written by Matthew Ball
Soil is everything that matters to all of us. Whether you are a vegetarian or a diehard carnivore, if the soil that your food grows in and on is not healthful, then there is little left to sustain you for very long. Organic matter is soil’s ultimate buffer to stress and rehabilitator for stable structure, chemistry, and biology.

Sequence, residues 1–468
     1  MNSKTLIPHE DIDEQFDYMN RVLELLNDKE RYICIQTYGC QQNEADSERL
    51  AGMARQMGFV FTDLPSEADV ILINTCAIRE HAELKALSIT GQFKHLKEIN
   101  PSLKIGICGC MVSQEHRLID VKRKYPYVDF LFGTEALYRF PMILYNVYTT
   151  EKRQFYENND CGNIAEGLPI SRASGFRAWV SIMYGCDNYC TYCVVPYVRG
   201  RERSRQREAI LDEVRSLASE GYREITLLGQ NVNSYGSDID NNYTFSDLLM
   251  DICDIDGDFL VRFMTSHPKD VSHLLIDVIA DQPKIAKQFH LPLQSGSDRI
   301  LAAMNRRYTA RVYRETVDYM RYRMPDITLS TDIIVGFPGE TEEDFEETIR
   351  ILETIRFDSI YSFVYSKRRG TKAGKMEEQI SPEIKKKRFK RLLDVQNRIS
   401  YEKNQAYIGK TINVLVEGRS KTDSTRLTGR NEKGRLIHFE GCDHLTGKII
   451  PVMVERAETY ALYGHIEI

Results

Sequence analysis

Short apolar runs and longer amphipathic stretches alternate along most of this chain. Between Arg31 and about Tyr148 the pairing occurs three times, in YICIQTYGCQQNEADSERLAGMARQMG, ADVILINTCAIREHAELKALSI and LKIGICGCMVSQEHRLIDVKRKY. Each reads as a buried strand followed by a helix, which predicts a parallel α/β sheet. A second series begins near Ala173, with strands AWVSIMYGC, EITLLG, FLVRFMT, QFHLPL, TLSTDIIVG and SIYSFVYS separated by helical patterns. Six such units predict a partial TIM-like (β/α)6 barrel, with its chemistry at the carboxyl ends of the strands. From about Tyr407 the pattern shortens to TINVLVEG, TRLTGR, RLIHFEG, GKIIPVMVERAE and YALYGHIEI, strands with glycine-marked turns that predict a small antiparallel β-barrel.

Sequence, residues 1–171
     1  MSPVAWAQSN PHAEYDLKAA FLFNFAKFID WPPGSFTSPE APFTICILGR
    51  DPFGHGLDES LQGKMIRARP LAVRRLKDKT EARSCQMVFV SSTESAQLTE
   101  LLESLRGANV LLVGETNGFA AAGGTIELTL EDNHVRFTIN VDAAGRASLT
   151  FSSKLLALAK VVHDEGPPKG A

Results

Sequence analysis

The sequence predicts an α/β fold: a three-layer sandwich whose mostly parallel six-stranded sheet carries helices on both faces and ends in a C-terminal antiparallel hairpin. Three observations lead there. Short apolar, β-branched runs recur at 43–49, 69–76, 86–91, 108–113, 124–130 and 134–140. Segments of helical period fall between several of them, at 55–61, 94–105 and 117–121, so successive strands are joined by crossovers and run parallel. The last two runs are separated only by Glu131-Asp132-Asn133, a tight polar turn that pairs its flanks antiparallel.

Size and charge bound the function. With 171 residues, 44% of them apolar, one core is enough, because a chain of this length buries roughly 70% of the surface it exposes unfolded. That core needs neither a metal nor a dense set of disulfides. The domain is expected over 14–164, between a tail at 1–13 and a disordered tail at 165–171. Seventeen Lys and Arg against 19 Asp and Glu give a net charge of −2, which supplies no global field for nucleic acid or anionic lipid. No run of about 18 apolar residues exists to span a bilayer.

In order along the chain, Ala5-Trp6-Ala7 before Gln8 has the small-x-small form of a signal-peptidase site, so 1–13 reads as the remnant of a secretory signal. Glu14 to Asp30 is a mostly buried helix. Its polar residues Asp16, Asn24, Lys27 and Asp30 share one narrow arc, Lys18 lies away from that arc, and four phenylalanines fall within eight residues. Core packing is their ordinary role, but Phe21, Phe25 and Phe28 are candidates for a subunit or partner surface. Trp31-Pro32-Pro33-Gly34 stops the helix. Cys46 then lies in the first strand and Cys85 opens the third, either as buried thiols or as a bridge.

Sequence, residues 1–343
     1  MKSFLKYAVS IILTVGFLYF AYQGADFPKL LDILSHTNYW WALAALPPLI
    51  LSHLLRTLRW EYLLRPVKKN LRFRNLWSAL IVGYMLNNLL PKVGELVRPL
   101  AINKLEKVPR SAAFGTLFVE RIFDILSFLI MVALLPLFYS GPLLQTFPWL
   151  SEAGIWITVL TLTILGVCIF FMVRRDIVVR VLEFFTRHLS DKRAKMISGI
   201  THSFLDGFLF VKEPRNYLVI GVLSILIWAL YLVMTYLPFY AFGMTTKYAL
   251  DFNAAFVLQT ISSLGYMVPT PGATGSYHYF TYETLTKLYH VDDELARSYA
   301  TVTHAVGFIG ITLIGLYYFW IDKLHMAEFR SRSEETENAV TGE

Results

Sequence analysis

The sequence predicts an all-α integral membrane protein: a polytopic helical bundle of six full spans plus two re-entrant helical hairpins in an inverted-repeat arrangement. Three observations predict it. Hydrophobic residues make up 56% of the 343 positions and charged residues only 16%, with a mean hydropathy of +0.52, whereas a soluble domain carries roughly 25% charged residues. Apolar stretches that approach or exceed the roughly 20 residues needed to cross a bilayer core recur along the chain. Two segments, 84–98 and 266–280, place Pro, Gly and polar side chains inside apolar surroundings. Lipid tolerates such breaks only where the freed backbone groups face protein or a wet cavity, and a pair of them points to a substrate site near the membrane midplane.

In 1910, these countries were already very densely populated by contemporary standards. Yet, for thousands of years the same land was cultivated and recultivated without becoming overburndened and exhausted. Do not get me wrong, this was not an ideal world; this was no utopia. By today’s democratic-capitalist standards, it was the people who were perhaps overburdened and exhausted. Despite impressive regenerative practices, the land, it’s people, and natural ecosystems were highly taxed and manipulated. But, this was before both World Wars, before the Cold War, and before China’s own politico- cultural revolution. Social and economic woes, both urban and rural, abounded, yet we were not yet misinformed and misguided by the haber-bosch process and the ensuing destruction and naive optimism of progress that it produced. The vast majority of the Asian population was not blinded and, dare I say, jaded by what we might call “modern” or “post-modern” attitudes. So, F.H. King was met by a rural population of earnest and hardworking, a meaning of hardworking that you and I may never be able to grasp, people who knew the importance of soil. They worked small landholdings, on average about one to two acres, to provide for the sustenance of their large families and to have a bit more to bring to market. Every last bit of nitrogen, in the form of organic matter, was collected, applied, and recycled. This thriftiness coupled with time-proven cultural practices made the land productive century in and century out. These people and their land, exemplary of many traditional modes of living throughout the world and time, embodied sustainability.